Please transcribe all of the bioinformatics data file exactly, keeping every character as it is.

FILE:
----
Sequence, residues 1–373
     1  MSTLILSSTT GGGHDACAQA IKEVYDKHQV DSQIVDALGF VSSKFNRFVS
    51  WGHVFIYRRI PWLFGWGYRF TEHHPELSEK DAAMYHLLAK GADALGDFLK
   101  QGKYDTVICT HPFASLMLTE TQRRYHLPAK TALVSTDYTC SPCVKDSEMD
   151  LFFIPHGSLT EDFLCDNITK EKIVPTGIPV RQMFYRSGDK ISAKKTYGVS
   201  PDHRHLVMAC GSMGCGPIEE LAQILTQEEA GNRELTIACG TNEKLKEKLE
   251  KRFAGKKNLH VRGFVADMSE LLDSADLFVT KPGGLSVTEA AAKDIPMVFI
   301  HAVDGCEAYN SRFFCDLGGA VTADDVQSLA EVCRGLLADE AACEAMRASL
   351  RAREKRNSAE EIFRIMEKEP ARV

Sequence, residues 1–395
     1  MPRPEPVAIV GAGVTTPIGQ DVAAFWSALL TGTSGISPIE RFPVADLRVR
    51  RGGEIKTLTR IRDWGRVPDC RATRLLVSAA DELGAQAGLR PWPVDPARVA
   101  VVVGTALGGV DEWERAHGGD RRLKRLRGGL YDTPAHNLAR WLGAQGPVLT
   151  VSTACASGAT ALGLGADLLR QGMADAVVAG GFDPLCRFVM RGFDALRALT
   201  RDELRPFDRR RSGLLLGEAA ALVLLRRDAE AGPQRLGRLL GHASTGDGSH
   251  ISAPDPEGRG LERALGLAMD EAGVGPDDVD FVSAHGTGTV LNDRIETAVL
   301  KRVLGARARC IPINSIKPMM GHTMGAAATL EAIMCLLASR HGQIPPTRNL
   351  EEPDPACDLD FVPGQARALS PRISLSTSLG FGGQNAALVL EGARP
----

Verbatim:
Sequence, residues 1–373
     1  MSTLILSSTT GGGHDACAQA IKEVYDKHQV DSQIVDALGF VSSKFNRFVS
    51  WGHVFIYRRI PWLFGWGYRF TEHHPELSEK DAAMYHLLAK GADALGDFLK
   101  QGKYDTVICT HPFASLMLTE TQRRYHLPAK TALVSTDYTC SPCVKDSEMD
   151  LFFIPHGSLT EDFLCDNITK EKIVPTGIPV RQMFYRSGDK ISAKKTYGVS
   201  PDHRHLVMAC GSMGCGPIEE LAQILTQEEA GNRELTIACG TNEKLKEKLE
   251  KRFAGKKNLH VRGFVADMSE LLDSADLFVT KPGGLSVTEA AAKDIPMVFI
   301  HAVDGCEAYN SRFFCDLGGA VTADDVQSLA EVCRGLLADE AACEAMRASL
   351  RAREKRNSAE EIFRIMEKEP ARV

Sequence, residues 1–395
     1  MPRPEPVAIV GAGVTTPIGQ DVAAFWSALL TGTSGISPIE RFPVADLRVR
    51  RGGEIKTLTR IRDWGRVPDC RATRLLVSAA DELGAQAGLR PWPVDPARVA
   101  VVVGTALGGV DEWERAHGGD RRLKRLRGGL YDTPAHNLAR WLGAQGPVLT
   151  VSTACASGAT ALGLGADLLR QGMADAVVAG GFDPLCRFVM RGFDALRALT
   201  RDELRPFDRR RSGLLLGEAA ALVLLRRDAE AGPQRLGRLL GHASTGDGSH
   251  ISAPDPEGRG LERALGLAMD EAGVGPDDVD FVSAHGTGTV LNDRIETAVL
   301  KRVLGARARC IPINSIKPMM GHTMGAAATL EAIMCLLASR HGQIPPTRNL
   351  EEPDPACDLD FVPGQARALS PRISLSTSLG FGGQNAALVL EGARP